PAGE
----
Saturday, 7 September 2013

Merrie England - Part Four

We had a Summer!




Outside there is a thick mist.  Dawn comes later.  There is a chilly dew on the grass and uniform spots of condensation on the garden table.  


It is September.  The school bells are ringing; the holidays are over.  Apples begin to ripen and fall; the swallows are on the lines.





But, we had a summer!  We don't need details of hottest and driest and wettest and coldest.  We don't need graphs of sunshine hours - we know we had some lovely days, and we could sit outside and with ice creams and drinks. 



We even took unprotected dips in the sea. Not a wet suit in sight!



And exposed ourselves to the healing (?) rays of the sun.



And threw each other into the cool water to chill!


Some relaxed over a quiet drink in a shaded pub:


While others took their drinks en plein air....



For some it is hard to beat a cup of tea....



But there were glasses for all.



Some in quiet pubs, 



And some in the peace of home.....



Sunny days make all the difference.  Flowers look their best with bright light, whether trained and cultivated:





Or in profusion, either managed:


Or perhaps not necessarily part of the plan:




Natural quiescence, set to please the eye:



Or there to provide the scent of a summer day:



The natural world and man's hand in taming it come together even in the heart of cities, as this heron in the centre of London knows very well:



And in our gardens, Great Tits and Spotted Woodpeckers take advantage of the food on offer to feed their growing families:





While the cat looks the other way:



For some, pleasure lies in a day out, exploring the artistic and architectural heritage that few other countries can match:

Little Moreton Hall


The Long Gallery 


For others it was a day on the common, admiring classic cars and swapping stories of wonderful drives:





Finishing off perhaps with a gathering of the clan:


Cities are quieter, with the clamour and chaos of the business year soothed a little by the holiday period.  People seem more relaxed,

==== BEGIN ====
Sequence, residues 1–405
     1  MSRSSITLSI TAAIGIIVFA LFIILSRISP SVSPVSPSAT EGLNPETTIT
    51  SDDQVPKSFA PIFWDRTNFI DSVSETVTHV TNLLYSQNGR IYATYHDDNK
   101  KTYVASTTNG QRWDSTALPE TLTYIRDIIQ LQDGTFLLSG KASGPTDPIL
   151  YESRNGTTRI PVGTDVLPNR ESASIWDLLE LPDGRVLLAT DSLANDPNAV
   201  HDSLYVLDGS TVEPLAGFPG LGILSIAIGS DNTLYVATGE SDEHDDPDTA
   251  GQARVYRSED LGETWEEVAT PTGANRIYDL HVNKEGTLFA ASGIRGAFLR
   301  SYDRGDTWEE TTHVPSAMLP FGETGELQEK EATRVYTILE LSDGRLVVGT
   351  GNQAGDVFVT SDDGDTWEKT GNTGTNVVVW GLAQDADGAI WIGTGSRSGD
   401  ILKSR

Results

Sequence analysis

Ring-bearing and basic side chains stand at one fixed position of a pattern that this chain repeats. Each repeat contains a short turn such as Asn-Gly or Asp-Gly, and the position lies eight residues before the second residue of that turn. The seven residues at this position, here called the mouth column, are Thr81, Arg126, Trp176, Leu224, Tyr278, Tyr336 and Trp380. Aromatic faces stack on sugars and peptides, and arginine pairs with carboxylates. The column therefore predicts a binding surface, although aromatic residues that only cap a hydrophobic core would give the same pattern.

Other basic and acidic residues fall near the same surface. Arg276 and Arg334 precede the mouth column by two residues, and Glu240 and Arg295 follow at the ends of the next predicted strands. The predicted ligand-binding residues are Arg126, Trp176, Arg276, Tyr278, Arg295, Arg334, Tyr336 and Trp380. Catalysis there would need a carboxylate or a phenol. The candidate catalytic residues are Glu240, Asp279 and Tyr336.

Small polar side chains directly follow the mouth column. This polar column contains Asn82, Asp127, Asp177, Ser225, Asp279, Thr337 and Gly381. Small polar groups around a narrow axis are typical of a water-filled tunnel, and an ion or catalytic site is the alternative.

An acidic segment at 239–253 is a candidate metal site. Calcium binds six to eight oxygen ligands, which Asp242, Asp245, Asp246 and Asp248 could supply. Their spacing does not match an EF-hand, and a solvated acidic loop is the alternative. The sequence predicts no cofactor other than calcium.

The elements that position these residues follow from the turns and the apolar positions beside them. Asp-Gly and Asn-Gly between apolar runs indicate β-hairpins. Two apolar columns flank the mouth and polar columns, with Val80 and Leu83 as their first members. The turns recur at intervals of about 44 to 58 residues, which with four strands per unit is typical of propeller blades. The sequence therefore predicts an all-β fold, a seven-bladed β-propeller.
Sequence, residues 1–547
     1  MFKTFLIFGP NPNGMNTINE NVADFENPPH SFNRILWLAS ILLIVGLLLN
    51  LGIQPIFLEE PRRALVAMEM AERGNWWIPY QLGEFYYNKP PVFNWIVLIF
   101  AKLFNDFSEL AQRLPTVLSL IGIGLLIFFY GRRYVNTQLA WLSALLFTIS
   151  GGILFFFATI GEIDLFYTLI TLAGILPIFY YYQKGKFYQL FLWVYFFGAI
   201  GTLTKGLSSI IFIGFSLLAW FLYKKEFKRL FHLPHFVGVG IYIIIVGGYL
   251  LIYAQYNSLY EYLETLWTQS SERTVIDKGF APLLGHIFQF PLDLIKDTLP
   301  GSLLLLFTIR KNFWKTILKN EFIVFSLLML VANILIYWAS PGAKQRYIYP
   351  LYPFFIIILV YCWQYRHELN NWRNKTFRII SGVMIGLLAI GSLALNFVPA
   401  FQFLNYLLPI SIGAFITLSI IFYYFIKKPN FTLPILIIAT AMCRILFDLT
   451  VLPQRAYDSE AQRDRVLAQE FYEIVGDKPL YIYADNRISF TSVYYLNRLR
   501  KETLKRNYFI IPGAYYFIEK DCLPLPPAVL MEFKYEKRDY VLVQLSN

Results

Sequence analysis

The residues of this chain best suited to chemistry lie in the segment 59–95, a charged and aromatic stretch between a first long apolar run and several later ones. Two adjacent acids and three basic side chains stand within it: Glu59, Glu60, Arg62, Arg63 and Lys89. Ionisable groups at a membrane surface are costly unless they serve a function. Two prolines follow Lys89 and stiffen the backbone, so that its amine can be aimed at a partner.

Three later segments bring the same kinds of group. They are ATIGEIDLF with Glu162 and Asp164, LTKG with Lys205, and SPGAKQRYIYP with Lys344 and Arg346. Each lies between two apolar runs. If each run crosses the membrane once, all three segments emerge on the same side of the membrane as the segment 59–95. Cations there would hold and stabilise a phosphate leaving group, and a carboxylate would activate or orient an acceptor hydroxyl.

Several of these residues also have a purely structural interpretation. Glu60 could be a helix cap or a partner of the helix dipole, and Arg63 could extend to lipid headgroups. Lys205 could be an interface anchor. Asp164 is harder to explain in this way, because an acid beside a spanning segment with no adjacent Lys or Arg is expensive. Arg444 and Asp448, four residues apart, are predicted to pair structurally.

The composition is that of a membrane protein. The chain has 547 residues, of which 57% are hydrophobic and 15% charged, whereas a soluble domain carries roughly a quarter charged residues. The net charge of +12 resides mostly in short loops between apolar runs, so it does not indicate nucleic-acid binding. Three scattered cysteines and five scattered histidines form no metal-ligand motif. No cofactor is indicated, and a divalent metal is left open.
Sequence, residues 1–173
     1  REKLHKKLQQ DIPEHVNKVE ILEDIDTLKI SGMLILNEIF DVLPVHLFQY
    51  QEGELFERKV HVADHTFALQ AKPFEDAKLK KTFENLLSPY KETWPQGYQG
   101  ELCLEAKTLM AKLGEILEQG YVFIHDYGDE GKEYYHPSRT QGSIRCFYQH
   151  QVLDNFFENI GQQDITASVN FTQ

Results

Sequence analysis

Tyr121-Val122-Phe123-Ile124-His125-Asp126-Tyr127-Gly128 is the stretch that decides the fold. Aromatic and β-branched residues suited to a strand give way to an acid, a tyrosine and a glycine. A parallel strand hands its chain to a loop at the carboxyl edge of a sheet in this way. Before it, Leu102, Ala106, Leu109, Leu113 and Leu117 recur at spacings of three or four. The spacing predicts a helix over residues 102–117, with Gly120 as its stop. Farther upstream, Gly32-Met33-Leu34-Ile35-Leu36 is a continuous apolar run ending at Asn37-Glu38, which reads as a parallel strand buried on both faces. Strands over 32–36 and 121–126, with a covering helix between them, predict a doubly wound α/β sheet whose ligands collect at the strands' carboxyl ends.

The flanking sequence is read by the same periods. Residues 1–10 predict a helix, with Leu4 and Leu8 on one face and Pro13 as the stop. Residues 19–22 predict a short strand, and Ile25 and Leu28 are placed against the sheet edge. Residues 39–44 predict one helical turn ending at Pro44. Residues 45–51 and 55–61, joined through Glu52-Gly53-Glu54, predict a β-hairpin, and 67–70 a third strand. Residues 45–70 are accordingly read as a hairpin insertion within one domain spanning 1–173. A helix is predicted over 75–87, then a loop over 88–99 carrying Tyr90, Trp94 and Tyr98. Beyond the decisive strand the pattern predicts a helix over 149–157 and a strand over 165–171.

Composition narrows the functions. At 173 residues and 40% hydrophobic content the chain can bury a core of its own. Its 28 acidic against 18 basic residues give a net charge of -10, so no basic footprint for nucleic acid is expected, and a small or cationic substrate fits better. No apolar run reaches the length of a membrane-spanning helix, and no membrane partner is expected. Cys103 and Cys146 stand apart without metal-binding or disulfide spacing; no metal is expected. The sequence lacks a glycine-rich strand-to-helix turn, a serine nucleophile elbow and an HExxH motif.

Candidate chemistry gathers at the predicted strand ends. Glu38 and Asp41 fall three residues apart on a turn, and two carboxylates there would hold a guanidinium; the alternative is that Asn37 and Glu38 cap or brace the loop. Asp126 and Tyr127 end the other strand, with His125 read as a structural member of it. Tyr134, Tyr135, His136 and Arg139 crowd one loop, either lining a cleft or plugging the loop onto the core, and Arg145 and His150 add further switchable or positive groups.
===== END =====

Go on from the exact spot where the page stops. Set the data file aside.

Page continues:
And the parks provide entertainment in various ways:



Peter Pan
For children and for those who have not yet forgotten to simple pleasures of childhood:

Outside the Serpentine Gallery


While the rivers always provide variety of scenery and a chance to sit and watch the world flow by:



And canals also have their attractions in providing an alternative landscape and an easy path on which to walk, cycle or run.



Perhaps the strongest tradition of holidaymaking in England is a trip to the seaside.  On a warm summer's day it has always provided a complete change of environment, of air and light, for the city dweller (whose working life may be in an office block or factory building) and for their children.  And the attractions of different foods,


And different smells, sensations and sights, whether on the shore,



Or out to sea,


All spin round in a joyous confusion of sound and taste and light.



For me, summer days prolong the chances to be outside in the countryside, walking across our gentle landscapes:



Enjoying the colourful details that lie in every field:





And the patterns of the natural world that surround us:

Coming through the Rye

Delighting in the the play of light on water, on the shades of green:


And in the subtle plays of colour, even if they carry a premonition of autumn in them!


I glory in the phases of the sun:



Even if I may play a little with the tones:


I love English woodlands, the ancient trees, and the whiff of history that attends the corner of the eye:


Even if it is only a fleeting moment of dreams:

On the set of Walt Disney's "Cinderella" in Windsor Great Park

Then, at the end of the day, it is good to take some refreshment, in a public house, where strangers may smile at one another:


And sit outside in the evening light, discussing the weather:



We have been blessed this year. There is a Merrie England hidden under all our woes. We cannot ignore the serious side, but it does no harm to celebrate the good!

Here's to the future!

3 comments:

  1. rye or barley?
    Denys

    ReplyDelete
    Replies
    1. "Coming through the barley" doesn't sound quite right!

      Delete
  2. poetic licence....
    D

    ReplyDelete